TCS Daily


New Class Challenged

By Glenn Harlan Reynolds - March 26, 2003 12:00 AM

It seems that everybody is dissing the BBC these days. Andrew Sullivan has been calling it the "Baghdad Broadcasting Corporation" for months. Now others are joining in. James Lileks writes:


It's interesting, listening to these guys - I'm unsure how it's possible to sneer the entire time you're speaking. I fear the announcer's face will stay that way. Perhaps you can recognize an old Beeb hand by the permanently curled lip. I've tuned in twice in half an hour; both times they were talking about the FAILURE to get Saddam, and what this FAILURE means for the war which might be hindered by this initial FAILURE. And then the reporter - a female one, with a sneerier sneer - says the question now is when the attack will come, and whether the President will give his generals permission to act with a free hand.

Um . . . haven't we already settled that question? I know it conflicts with the Beeb's view of Bush as a vulture with a bloody globe clutched in one claw, the other holding the leashes of the Joint Chiefs of Staff, but I heard hours ago that theater decisions had been left to the folks who do this for a living.


Mickey Kaus agrees:

Now I know what Andrew Sullivan's been talking about! ... And James Lileks is right about the British network's near-permanent anti-U.S. sneer. (There was also a hilarious segment in which the Beeb's man-on-the-scene, in the best British tradition, had chosen to report on the mood of the American citizenry from "Lake County" in California -- i.e., California wine country. He managed to find a few Republican citizens and make them sound like comically rabid John Birchers.) ... If I were in the Bush White House, I too would be paranoid and suspect the BBC's airing of Bush's pre-speech primping wasn't just an honest mistake. ...


And British blogger Perry DeHavilland writes that:


The coverage of SkyNews has been head and shoulders better that the rest, as was also the case during the fighting against the Taliban/Al Qaeda in Afghanistan. CNN and ITN are both fair to adequate, and the BBC is hovering between adequate and truly dire, with dreary hackneyed commentary filled with technical errors. Are the BBC incapable of finding a few ex-military people to employ who might know that there is no such thing as an 'Abrahams' battle tank?


I haven't actually watched or listened to much of the BBC coverage, and I actually like its warblog, which looks especially good given CNN's decision to shut down blogging by correspondent Kevin Sites. But I wonder: the kind of hostility that people describe seems quite odd coming from the national network of our closest ally.

And that's interesting to me. Rand Simberg blames BBC snobbery on upper-middle-class sensibilities, and I think he's almost right. It's really a case of New Class sensibilities.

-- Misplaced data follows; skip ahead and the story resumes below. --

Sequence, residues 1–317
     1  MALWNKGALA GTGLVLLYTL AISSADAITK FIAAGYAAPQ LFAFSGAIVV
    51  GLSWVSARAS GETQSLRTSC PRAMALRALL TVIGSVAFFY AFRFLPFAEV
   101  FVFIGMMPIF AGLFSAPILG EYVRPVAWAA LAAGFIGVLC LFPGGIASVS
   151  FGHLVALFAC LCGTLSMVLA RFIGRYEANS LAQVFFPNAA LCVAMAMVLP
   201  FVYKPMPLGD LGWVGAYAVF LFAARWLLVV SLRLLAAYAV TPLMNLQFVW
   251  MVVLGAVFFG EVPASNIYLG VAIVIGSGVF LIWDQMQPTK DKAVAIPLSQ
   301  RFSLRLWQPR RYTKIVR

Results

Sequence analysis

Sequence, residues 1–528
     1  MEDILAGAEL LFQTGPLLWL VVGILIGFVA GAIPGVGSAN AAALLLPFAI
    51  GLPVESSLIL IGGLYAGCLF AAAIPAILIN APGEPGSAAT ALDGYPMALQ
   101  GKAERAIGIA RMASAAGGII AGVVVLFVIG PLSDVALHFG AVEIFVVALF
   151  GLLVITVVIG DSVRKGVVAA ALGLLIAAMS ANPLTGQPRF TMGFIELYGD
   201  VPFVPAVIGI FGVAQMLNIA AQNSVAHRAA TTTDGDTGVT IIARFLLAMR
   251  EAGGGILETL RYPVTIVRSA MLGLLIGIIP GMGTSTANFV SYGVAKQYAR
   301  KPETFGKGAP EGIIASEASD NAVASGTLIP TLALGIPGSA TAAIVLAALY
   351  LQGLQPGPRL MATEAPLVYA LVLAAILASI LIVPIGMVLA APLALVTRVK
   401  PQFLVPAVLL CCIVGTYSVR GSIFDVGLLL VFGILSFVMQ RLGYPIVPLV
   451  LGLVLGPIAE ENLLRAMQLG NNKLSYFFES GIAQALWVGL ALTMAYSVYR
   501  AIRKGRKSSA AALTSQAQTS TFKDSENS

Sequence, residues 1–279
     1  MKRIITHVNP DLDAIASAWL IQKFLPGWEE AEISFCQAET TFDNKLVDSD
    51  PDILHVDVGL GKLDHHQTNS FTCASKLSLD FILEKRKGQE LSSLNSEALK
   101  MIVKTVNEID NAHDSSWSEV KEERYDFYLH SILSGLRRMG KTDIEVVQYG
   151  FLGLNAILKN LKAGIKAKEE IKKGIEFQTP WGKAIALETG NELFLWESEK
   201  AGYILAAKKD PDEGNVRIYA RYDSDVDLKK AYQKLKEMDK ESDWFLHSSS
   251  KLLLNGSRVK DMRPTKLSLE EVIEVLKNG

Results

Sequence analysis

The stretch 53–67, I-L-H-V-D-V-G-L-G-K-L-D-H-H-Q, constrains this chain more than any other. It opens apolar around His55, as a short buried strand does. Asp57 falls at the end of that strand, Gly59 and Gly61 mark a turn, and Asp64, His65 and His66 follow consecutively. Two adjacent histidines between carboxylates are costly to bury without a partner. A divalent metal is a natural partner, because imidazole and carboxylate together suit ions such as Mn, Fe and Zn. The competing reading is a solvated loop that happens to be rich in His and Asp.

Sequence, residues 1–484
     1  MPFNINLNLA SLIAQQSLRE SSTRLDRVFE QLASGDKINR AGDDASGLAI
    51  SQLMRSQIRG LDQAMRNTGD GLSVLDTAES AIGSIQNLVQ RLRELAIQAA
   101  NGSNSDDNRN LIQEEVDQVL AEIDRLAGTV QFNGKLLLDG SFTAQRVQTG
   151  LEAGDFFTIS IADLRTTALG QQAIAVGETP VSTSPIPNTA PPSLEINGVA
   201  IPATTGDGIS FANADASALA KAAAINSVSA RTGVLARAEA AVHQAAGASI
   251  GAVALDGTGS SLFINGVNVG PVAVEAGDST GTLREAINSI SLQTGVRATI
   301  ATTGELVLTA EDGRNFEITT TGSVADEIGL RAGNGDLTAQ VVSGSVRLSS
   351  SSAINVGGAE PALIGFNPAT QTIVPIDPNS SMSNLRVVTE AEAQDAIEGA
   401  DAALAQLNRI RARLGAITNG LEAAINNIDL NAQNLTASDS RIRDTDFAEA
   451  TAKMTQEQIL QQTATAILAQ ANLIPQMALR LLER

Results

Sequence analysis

I can't help but notice that anti-Americanism, and the various manifestations of what some have called Transnational Progressivism, are most common among people who, well, have state-supported managerial or intellectual jobs, the people who made up what Milovan Djilas and others called the "New Class" of bureaucrats and managers in the old Communist world. Not surprisingly, the New Class was deeply concerned with matters of status and position, and deeply opposed to things that might have led to competition on merit. There's nothing new about such a view, which predated communism: As David Levy and Sandra Peart note, it's an attitude that even in the nineteenth century was characteristic of anti-capitalists and anti-semites - and, nowadays, there's a lot of overlap between anti-capitalists, anti-semites, and anti-Americans.

A common thread among anti-semitism, anti-capitalism, and anti-Americanism is the fear of being outdone by people willing to work harder. It's not surprising that such a fear exists among a disproportionate number of those who take state-supported jobs. It's thus not surprising, then, that New Class sensibilities are so often anti-American and anti-capitalist, and increasingly (or perhaps I should say, once again) anti-Semitic, too. The New Class, in this regard, as in many others, is like the old haut-bourgeoisie.

So what to do about this? I don't know entirely. Competition helps, and I'd certainly favor eliminating state media outlets (especially monopolistic or quasi-monopolistic ones) around the world - but in state universities, where we compete with the private sector all the time, such attitudes are nonetheless distressingly prevalent. To the extent that's changing, it's largely the result of criticism rather than competition.

And the BBC, along with many media organizations (and, for that matter, universities) is getting a lot more criticism than it used to: all of the people I've quoted above, after all, are bloggers, bypassing the major media to issue their own critiques. That's a reason to support free speech and deregulated media. It may not eliminate the prejudices of the New Class. But it will at least ensure that they don't pass unchallenged - and if there's anything they hate, it's being challenged.

Now how can we get American-style talk radio established in Europe?
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